I Like the Noises They Make…

If I was to ask you what sounds Michael Jackson and Prince make frequently when they sing you would know exactly what I mean. Michael used to do this heeeeheeeheee thing. And Prince does this high pitched falsetto thing like someone ran over his foot or he’s just climaxed or something. LOLOL!!! You know what I mean. Those noises are iconic.

Even before Venus and Serena came on the scene, we became familiar with deep guttural releases and grunts and sometimes screams emitted as tennis players lunged forward to serve, volley and connect with the ball. Every single sound is made in an effort towards a journey to victory. Bruce Lee and many master Martial artists make sounds when they practiced as well. Imagine a Kung Fu flick without human noise. No really, think about it.

One of things i love about the way Bjork makes music is that she relishes the primal sounds in nature and is always finding ways to incorporate them in her work. When she starts to scream or yell and let her voice take her, she’s not looking for a polished, finished sound, though she is a perfectionist about arranging everything that supports that sound. She lives for the raw, for the visceral, for the groan that it is emitted from an organic, unpracticed, yet purposeful place.

Drake is another artists who incorporates noises in his voice this way. He uses his yeahs, and uhs and other noises minimally and effectively to create this unconscious feeling of connection to his vulnerability even as he brags in various ways that he’s a Legend. That and he’s ALWAYS up in his feelings on every track. LOL!! But I’m a Drake addict for that reason so there’s no reasoning with me. His emo approach is on fleek.

When we are babies, before we grasp the art of language, we communicate through noises, through different pitch levels, through gurgles, laughters, scream, shouts, indecipherable streams of phonics meant to draw attention to our need to connect, communicate, get our needs met, be held, fed, touched, taken to the bathroom, shown the way, told stories, be instructed on what to do and what not to do and also to share what we ourselves are discovering. Before we can “talk” we react to everything we discover, feel, sense, taste, hear, with noises.

The noises we make are primal and are the first language we know as human beings. Mammals and many other life forms use noises primarily to communicate effectively. Anthropomorphic characteristics only occur based on the level of integration into human life. Otherwise, animals speak the same language all their lives. They’re not like, hey do I write a letter, compose a tune, draft an email. sing a song, telegraph or draw a chart in order to greet someone this morning?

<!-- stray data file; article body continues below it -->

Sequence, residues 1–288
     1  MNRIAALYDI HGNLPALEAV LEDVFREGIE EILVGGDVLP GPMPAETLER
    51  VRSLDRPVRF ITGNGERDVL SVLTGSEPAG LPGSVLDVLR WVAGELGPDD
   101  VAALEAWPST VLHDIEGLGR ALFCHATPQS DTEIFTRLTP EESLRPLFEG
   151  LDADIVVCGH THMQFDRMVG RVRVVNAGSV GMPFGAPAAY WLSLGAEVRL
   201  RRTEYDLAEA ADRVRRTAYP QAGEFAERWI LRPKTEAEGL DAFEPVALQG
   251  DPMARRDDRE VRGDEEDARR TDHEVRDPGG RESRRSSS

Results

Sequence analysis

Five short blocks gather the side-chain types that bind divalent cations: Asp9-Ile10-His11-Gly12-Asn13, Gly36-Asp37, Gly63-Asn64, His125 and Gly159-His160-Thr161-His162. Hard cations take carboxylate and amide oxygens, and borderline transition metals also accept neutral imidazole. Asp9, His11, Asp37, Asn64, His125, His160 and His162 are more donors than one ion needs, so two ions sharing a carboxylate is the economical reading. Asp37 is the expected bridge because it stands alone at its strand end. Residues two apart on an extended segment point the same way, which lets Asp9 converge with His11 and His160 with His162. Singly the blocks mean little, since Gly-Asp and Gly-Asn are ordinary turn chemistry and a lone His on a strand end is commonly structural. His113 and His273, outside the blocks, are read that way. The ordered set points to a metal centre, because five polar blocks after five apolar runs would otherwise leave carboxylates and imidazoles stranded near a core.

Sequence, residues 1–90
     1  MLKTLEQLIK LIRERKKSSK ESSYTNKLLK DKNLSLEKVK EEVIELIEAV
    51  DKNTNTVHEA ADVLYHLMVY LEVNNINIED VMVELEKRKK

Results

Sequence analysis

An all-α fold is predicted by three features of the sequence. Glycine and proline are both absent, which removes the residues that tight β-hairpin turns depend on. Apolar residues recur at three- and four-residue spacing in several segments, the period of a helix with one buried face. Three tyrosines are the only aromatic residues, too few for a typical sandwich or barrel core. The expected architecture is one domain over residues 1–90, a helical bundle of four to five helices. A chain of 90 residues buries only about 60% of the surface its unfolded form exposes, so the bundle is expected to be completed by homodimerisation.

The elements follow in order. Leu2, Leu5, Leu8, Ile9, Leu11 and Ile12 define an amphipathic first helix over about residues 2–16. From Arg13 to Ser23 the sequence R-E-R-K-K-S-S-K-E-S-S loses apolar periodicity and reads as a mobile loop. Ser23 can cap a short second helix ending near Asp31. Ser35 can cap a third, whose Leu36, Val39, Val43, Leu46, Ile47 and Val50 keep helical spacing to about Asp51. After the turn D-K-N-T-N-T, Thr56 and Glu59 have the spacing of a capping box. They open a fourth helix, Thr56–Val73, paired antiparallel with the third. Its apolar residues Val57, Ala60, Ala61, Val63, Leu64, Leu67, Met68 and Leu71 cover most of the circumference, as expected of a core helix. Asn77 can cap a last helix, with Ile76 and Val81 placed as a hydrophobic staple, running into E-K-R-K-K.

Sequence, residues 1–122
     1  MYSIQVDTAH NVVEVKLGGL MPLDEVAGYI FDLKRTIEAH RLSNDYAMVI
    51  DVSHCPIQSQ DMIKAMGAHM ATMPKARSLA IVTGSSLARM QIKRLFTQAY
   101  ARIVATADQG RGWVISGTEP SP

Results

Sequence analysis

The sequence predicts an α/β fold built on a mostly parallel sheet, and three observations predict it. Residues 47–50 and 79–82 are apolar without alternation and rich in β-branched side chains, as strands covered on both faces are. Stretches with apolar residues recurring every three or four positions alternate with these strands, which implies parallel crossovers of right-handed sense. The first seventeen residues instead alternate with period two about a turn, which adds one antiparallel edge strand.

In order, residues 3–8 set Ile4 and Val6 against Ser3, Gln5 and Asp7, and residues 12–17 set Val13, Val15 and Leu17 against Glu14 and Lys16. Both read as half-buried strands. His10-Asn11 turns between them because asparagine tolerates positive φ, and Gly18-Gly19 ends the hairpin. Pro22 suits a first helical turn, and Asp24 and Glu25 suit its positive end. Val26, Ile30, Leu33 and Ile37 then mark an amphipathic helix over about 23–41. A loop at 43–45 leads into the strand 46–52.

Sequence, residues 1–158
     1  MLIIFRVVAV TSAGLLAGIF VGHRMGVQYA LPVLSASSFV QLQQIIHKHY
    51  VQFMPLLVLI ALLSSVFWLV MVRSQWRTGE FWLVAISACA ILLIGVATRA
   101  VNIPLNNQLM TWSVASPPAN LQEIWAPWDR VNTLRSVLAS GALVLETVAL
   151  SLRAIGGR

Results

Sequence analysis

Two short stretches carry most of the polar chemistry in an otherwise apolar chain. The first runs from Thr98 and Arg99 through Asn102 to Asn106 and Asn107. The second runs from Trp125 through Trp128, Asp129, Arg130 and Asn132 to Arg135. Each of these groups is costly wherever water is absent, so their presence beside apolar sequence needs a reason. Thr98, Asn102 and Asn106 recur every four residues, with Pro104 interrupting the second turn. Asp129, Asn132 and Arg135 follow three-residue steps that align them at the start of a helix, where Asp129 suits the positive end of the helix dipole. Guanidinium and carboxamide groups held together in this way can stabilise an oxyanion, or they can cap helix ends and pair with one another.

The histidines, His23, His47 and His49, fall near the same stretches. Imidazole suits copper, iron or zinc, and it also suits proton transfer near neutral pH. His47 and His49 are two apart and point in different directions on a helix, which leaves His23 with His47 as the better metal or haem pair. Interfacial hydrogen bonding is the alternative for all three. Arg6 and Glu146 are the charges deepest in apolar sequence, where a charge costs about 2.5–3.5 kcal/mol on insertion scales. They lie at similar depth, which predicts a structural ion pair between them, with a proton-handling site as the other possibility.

As humans we find ourselves in a world where communicating verbally can take on a myriad of forms, many of them meant to manipulate, deceive, falsify, hide, and self sabotage but very rarely do we communicate clearly, directly intimately. This is why forms of communion and art that allow people to make noises are so important. Noises bring the art of communication back to basics. When we first were taught the alphabet we had to sound out everything. We had to learn the sounds of each letter in order to understand the role they played in forming words, then sentences, paragraphs, stories, conversations. I read at high a level at a very young age because I was completely enthralled with the power of words, particularly in writing and books. I was lost happily in the world of books for years as a young girl. It was the way that a shy introvert learned to navigate the social circles of my peers. But there is a deep communication beyond words that occurs in noises and in silences, in a baby’s eyes, in Serena Williams yells, in Drakes, uhs, in Bjorks piercing Icelandic shrill.

Some noises we make effect us on an unconscious level we never fully understand or are aware of. Others we understand are necessary of our sanity and peace of mind. The sound a and tone of someone’s voice for me can often be just as important if not more than what they are saying. It tells me much more about the true intent than the actual words. Once I can trust the sound, then I can listen or rather I should say, I can hear.

It’s so important to really hear.

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